Mortgage rates rise as debt limit impasse lingers: Freddie Mac
Mortgage rates trended higher for the second week in a row as the market reacted to new economic growth estimates and the debt ceiling impasse, according to Freddie Mac.
The average rate for a 30-year fixed-rate mortgage increased to 6.57% for the week ending May 25, according to Freddie Mac's Primary Mortgage Market Survey. That's up from last week when it averaged 6.39%. Mortgage rates remained above last year when the average was 5.1%.
The average rate for a 15-year mortgage was 5.97%, up from 5.75% last week and up from 4.31% last year.
The second estimate for real gross domestic product (GDP) in the first quarter of 2023 showed that the economy grew at an annual rate of 1.3%, an increase from the 1.1% initially calculated. Slowing economic growth further bolsters the opinion that the Federal Reserve may not raise interest rates at its upcoming June meeting.
However, a looming U.S. debt default, if Congress does not raise the spending limit by June, could impact mortgage rates negatively. The rate on a 30-year mortgage loan could soar to 8% if the U.S. defaults, according to a Zillow analysis.
"The U.S. economy is showing continued resilience which, combined with debt ceiling concerns, led to higher mortgage rates this week," Freddie Mac Chief Economist Sam Khater said. "Dampened affordability remains an issue for interested homebuyers and homeowners seem unwilling to lose their low rate and put their home on the market.
"If this predicament continues to limit supply, it could open up an opportunity for builders to help address the country's housing shortage," Khater continued.
If you are looking to buy a home, you can take advantage of lower mortgage rates and shop for the best rate on a loan. Visit an online marketplace like Credible to compare rates, choose your loan term, and get preapproved with multiple lenders at once.
Fed's May interest rate hike could harm regional bank lending, mortgages, expert warns
Buyers struggle to afford homes, economist says
For housing, higher borrowing costs have clearly impacted affordability, according to Keeping Current Matters Chief Economist George Ratiu.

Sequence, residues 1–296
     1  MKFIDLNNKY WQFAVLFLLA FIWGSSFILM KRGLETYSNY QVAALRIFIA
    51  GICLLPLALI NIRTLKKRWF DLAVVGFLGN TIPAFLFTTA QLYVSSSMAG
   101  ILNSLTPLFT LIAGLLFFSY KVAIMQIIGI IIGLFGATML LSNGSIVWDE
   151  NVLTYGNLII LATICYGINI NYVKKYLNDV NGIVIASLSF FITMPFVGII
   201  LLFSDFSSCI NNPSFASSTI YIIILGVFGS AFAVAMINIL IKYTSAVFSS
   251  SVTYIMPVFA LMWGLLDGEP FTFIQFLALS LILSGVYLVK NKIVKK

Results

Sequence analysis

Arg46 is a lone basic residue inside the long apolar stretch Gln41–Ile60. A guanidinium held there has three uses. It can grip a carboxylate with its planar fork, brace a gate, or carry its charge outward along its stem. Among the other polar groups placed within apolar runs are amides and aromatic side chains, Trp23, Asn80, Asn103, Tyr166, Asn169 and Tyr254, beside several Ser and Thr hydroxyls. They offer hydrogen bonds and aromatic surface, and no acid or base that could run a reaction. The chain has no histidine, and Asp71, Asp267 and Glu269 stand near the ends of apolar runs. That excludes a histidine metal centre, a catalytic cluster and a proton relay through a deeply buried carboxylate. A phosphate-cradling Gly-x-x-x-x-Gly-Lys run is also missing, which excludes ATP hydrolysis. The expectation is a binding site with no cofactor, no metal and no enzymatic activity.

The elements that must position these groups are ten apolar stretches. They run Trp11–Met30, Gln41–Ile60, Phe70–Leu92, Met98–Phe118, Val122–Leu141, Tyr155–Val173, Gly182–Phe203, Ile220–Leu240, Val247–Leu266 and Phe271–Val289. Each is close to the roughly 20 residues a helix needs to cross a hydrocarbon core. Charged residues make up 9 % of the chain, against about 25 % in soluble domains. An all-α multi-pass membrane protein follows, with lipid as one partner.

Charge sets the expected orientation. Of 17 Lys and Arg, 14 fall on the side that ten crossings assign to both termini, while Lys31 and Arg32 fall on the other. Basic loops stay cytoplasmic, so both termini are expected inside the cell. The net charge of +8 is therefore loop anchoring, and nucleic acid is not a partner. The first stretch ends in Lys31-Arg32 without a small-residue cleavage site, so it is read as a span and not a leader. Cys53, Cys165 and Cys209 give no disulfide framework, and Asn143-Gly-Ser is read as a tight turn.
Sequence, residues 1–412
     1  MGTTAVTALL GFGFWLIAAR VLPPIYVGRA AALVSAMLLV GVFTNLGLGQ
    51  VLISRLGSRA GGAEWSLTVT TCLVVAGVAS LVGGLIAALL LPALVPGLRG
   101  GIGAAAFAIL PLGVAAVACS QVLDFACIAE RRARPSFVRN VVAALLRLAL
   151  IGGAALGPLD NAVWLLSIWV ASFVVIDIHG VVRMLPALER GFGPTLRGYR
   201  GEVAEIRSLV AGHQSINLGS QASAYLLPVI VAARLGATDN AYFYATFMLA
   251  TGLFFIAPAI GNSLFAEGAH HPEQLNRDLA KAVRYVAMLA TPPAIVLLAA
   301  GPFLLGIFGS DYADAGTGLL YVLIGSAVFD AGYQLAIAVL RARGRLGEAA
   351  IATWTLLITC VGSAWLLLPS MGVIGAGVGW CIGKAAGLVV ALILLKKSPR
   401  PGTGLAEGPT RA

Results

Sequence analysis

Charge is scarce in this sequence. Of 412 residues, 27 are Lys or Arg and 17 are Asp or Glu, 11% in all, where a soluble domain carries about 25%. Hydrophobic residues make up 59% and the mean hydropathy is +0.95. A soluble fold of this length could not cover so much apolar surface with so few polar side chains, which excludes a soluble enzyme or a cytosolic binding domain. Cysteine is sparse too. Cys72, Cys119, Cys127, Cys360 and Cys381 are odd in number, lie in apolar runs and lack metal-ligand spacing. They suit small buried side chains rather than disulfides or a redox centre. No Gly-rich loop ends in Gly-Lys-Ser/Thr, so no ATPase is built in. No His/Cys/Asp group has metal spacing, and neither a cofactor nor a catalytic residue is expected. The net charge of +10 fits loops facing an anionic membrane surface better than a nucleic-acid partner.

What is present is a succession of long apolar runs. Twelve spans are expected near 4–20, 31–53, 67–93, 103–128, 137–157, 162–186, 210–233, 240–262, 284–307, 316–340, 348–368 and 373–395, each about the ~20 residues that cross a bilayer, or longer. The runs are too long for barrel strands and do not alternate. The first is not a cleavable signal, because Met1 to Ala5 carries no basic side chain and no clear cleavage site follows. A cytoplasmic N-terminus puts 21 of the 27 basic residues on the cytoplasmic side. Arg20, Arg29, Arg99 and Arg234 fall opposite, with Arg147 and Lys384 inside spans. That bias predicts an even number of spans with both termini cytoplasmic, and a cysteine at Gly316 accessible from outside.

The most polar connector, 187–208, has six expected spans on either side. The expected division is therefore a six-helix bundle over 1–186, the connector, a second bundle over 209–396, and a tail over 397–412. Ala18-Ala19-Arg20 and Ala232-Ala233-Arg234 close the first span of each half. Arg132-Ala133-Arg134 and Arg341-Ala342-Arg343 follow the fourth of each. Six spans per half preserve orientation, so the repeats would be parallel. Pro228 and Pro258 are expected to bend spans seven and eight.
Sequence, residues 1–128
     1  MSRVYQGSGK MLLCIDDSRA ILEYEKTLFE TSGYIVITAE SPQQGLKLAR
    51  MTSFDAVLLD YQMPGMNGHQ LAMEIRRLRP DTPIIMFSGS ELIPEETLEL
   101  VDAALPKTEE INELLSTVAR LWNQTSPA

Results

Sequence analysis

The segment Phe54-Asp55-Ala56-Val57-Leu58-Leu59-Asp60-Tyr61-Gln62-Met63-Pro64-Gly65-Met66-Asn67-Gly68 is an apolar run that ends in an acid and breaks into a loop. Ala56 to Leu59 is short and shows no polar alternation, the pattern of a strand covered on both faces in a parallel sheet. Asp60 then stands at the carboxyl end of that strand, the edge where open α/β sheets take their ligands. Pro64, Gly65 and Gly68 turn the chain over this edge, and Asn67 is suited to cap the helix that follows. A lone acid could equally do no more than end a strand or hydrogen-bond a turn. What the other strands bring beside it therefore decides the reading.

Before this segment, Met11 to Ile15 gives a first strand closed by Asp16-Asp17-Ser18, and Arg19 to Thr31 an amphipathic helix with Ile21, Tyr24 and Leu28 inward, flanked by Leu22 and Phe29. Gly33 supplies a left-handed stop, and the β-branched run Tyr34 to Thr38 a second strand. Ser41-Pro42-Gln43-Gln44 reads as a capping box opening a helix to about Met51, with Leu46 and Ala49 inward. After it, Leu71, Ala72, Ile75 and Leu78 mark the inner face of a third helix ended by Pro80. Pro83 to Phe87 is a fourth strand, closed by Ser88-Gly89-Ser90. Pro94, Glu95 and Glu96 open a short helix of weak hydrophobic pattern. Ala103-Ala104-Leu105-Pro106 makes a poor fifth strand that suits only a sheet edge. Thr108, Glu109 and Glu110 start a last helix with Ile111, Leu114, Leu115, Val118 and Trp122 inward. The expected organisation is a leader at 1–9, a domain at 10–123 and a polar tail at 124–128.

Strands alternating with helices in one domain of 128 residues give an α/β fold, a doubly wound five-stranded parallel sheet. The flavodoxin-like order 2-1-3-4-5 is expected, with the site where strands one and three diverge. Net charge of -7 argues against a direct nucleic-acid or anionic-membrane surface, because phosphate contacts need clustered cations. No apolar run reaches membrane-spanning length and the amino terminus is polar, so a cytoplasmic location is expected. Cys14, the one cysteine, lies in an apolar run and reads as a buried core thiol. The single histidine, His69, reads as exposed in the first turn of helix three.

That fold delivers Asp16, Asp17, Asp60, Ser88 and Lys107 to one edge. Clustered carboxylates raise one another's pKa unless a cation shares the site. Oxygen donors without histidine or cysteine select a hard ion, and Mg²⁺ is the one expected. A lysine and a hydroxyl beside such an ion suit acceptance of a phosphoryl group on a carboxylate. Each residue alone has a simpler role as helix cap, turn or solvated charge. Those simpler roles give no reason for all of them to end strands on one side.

"At the start of 2022, the buyer of a $500,000 home — assuming a 20% down payment and the average rate at the time of 3.1% — was looking at a $1,700 monthly payment (excluding property taxes and insurance)," Ratiu said in a statement. "Today, the buyer of a similar-priced home is weighing a $2,500 monthly payment, a significant difference.
"Put another way, last year, a typical household could comfortably afford a $475,800 home at a 3% interest rate, while this year, the same household can only afford a property priced at $356,700, a roughly $120,000 loss in purchasing power," Ratiu added.
If you're trying to find the best mortgage rate, it can help to shop around. Visit the Credible marketplace to compare options from different lenders at once without affecting your credit score.
Many Americans eye Buy Now, Pay Later to gain more financial flexibility: survey
Borrowers save money when they shop around, CFPB report says
Different lenders offer varying rates for the same mortgage product, a recent Consumer Financial Protection Bureau (CFPB) blog said. In some instances, borrowers could save upwards of $100 a month just by shopping for a different lender to find a better rate.
This so-called price dispersion is present for nearly all mortgage market segments, including loans backed by Fannie Mae and Freddie Mac, Federal Housing Administration loans, U.S. Department of Veterans Affairs (Veterans Affairs) loans, and jumbo loans, the CFPB said.
Pricing variation can have a more pronounced impact on consumers' wallets in the current high-interest rate environment, according to the CFPB.
"In a higher interest-rate environment, with monthly payments being much higher overall, this $100 a month difference might matter even more as borrowers potentially are more stretched to make ends meet," the CFPB said.
Homebuyers may find a better mortgage rate by looking at several lenders. If you are ready to shop for a mortgage loan, you can visit Credible to help you compare interest rates from multiple mortgage lenders and choose the one with the best rate for you.
Demand for used cars likely to grow as consumers seek affordability: Edmunds
Have a finance-related question, but don't know who to ask? Email The Credible Money Expert at email@example.com and your question might be answered by Credible in our Money Expert column.